Down the rabbit hole with Teratogen

The Columbus rock band will celebrate the release of new album ‘The Hologram’ in concert at Spacebar on Saturday, April 27.
Teratogen band members (from left to right) Daniel Martinson, Alex Pisani, Josh Oswald and Luke Bowers.
Teratogen band members (from left to right) Daniel Martinson, Alex Pisani, Josh Oswald and Luke Bowers.Courtesy Teratogen

There are points on The Hologram, the new full length from Columbus rock band Teratogen, that play out like the conspiracy-fueled fever dreams of that one uncle who paid for a blue check on X (formerly Twitter) as a way to undermine his shadow ban.

The songs shuffle through narrators who grow increasingly paranoid under the watchful eye of the surveillance state (“Government”), search for release in the bottle (“Monday”), hoard money at the expense of everyone else (“Can’t Be Bothered”) and disappear nearly completely down internet rabbit holes. “Once you dig deep enough,” Luke Bowers sings atop a shaggy, propulsive musical backdrop on “Limited Hangouts,” “it starts to get intense.”

While Bowers said The Hologram isn’t a concept record, when he stepped back from the songs, he realized the social and political climate that existed in 2016 and then intensified moving toward 2020 had a strong role in shaping the writing process. “In that time, it felt like everything got really loud,” said Bowers, who will join guitarist Daniel Martinson, bassist Alex Pisani and drummer Josh Oswald for a record release concert at Spacebar on Saturday, April 27. “You could open any social media app, and you’d get all of these strong emotions coming out of people. And when I looked at these songs in that context, I felt there were all of these different voices I was hearing.”

But even Bowers’ most damned and damaged characters aren’t entirely unredeemable. The narrator on “Monday,” for one, pledges change – “I’m serious this time!” – only to fall short time and again. And yet, they continue to wake up and greet another day, invigorated by the promise that this time could totally be different. Even if it's typically not. Bowers traced his desire to preserve a degree of humanity in this paranoid cast of characters in part to his own interest in conspiracy theories and assorted internet wormholes, and to the (very) slight twinge of recognition he sees of himself in them.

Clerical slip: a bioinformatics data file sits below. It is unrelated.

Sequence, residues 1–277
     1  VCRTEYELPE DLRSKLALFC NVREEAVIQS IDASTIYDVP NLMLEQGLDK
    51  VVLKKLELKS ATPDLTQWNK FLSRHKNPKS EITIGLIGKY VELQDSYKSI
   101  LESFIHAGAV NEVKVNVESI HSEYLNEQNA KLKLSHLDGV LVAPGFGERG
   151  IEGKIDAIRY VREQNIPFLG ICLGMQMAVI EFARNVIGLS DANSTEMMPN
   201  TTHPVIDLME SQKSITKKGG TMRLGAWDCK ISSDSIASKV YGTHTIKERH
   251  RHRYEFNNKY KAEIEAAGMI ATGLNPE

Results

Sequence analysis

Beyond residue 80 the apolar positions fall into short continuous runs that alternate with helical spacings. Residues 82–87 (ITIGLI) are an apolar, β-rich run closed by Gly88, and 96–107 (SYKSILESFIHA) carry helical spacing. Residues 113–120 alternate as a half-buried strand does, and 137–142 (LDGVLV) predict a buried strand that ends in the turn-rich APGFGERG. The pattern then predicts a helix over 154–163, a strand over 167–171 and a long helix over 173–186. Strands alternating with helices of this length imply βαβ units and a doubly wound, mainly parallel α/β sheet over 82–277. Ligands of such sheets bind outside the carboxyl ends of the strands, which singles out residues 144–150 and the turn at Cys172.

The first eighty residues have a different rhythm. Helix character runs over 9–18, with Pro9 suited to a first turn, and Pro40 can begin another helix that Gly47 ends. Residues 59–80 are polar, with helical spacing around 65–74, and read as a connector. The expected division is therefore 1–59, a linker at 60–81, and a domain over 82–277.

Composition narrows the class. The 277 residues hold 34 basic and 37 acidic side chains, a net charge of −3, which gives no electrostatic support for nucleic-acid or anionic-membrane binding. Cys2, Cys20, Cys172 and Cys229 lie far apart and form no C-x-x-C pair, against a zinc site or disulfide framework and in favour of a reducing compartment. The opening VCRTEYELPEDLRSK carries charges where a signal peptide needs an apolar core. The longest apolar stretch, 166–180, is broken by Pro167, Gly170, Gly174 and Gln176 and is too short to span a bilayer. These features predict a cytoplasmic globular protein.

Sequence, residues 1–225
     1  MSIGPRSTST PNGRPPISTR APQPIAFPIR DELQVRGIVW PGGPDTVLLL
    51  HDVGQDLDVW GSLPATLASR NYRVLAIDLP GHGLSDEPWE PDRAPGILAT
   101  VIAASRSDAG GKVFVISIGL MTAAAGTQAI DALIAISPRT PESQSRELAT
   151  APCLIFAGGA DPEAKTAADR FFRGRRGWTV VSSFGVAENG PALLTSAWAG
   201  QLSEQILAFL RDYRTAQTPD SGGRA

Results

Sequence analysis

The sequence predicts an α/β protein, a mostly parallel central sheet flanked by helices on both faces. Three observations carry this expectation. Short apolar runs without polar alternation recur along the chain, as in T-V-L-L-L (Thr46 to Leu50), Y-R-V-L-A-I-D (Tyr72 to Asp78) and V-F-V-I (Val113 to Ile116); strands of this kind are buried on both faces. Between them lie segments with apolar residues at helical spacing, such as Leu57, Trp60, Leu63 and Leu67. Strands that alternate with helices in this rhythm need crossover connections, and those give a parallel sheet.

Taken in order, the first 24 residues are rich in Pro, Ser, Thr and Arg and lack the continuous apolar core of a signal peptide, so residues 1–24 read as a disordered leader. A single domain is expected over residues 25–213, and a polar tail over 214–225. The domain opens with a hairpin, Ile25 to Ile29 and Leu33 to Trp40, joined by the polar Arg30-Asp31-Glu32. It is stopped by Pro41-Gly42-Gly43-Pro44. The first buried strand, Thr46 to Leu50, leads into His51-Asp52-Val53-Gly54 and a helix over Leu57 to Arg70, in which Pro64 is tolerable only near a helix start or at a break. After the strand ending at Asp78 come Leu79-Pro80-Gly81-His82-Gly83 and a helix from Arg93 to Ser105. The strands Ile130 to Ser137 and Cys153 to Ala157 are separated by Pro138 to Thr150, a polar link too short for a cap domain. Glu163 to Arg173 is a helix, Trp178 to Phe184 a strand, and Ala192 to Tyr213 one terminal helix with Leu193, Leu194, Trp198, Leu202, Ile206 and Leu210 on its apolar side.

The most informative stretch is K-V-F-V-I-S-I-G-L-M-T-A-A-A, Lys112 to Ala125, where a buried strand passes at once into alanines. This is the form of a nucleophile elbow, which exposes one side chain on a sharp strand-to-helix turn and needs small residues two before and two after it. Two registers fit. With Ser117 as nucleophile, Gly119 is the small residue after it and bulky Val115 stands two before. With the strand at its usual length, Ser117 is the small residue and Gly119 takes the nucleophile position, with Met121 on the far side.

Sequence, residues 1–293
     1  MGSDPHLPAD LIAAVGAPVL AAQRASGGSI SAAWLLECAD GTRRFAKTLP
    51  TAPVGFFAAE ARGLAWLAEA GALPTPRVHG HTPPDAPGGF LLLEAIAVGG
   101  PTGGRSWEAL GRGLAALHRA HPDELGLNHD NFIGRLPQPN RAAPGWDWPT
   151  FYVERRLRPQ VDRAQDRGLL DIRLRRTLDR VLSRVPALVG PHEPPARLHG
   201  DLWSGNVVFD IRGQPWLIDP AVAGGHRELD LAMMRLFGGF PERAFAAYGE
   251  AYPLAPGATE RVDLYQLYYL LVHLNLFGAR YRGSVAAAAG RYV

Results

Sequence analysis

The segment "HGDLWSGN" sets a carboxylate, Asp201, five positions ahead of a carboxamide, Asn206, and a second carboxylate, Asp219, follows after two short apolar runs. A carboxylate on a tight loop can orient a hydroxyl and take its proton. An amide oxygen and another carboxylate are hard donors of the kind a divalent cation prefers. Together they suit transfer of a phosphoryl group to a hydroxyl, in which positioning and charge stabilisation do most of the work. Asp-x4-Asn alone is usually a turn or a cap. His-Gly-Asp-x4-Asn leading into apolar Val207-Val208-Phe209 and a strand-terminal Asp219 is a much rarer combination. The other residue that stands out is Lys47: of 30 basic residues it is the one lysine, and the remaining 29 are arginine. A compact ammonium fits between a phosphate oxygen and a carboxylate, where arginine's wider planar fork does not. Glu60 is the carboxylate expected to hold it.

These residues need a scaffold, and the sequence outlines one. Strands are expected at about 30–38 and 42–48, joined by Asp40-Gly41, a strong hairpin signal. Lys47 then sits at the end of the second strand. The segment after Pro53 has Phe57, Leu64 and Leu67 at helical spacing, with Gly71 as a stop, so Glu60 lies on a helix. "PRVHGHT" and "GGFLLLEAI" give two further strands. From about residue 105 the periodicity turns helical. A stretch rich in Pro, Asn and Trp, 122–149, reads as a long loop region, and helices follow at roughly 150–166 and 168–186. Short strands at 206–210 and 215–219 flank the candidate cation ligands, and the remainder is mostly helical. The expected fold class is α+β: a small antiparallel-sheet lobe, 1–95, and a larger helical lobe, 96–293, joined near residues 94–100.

“Sometimes when I find myself going down one of those rabbit holes, I’ll find myself thinking, ‘Wow, wouldn’t that be fascinating if it were true?’” said Bowers, who most recently immersed himself in a variety of conspiracies rooted in the total solar eclipse. “And then you start to think, ‘Okay, if this was the outcome, how would I react?’ It makes you start to wonder why people think that way. It’s interesting to me, and it’s hard to completely write off.”

This approach, Bowers said, also makes the songwriting more interesting, integrating the idea that not every perspective he adopts has to align with his own worldview. “I don’t necessarily want to preach the way I think things are,” he said. Even more generally, Bowers said he has refrained from writing songs steeped in his own experiences owing to his guarded nature, describing himself as the introverted type more prone to listening than filling the air with words.

“Sometimes I’ll get to the end of a conversation with someone, and I’ll realize it hasn’t been a full give and take,” Bowers said. “And that I haven’t been sharing much about myself or telling stories from my own life.”

Owing to these more reserved tendencies, Bowers has struggled with the idea of being the frontman since Teratogen formed in 2015, allowing that his role is more to bring his bandmates the skeleton of a song, which they can then flesh out in ways that at times can surprise even him. “I never necessarily wanted to be a frontman, and I never want people to think I’m responsible for everything, or that I’m some grand conductor,” he said. “Sometimes I’ll hear other parts [when demoing a song], and I’ll have some crappy drum machine recorded, sort of simulating what I hear in my head. But the [band’s] interpretations of those ideas are always 100 percent better. … Those guys, they just know so much more than me, and there’s always a new complexity they’re bringing to things.”

While much of The Hologram treads darker ground, the album does end on a slightly more upbeat note with “Do What You Can,” which lingers on the paycheck-to-paycheck grind of workers. “Be kind, rewind, go to work,” Bowers sings at the onset, a few beats later adding, “Debt’s all you got to your name.” 

Inspired by the now-defunct Columbus podcast “Street Fight Radio,” which hosted a weekly call-in where listeners would phone and talk about their jobs, the song gradually develops into a communal rallying cry as the workers discover a sense of togetherness and a shared purpose in the grind. “Though some jobs are definitely shittier than others, they all suffer from some of the same basic hierarchical issues,” Bowers wrote in a follow-up email. “Somebody at the top is making bad decisions that impact everybody at the bottom.”

Related Stories

No stories found.
Matter News